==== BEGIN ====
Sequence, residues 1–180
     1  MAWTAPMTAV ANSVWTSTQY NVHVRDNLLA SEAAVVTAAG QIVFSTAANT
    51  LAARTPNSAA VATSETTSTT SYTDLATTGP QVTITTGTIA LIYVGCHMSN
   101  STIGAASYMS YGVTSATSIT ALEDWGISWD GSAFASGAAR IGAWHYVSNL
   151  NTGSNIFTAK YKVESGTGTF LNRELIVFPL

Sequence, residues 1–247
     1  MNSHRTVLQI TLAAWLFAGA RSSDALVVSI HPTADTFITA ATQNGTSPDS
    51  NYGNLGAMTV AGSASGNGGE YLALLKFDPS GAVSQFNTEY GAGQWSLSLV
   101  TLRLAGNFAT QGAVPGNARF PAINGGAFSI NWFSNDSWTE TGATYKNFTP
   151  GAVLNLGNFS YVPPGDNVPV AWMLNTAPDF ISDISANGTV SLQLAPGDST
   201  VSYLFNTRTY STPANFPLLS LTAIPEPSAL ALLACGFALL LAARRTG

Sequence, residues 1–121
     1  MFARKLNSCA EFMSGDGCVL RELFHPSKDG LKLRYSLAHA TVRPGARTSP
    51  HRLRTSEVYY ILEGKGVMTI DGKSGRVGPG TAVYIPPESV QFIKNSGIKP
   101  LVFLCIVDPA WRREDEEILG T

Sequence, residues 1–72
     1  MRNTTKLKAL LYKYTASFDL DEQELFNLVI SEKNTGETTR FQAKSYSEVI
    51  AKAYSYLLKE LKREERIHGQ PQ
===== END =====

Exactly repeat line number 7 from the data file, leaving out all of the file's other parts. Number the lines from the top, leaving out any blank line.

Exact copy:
     1  MNSHRTVLQI TLAAWLFAGA RSSDALVVSI HPTADTFITA ATQNGTSPDS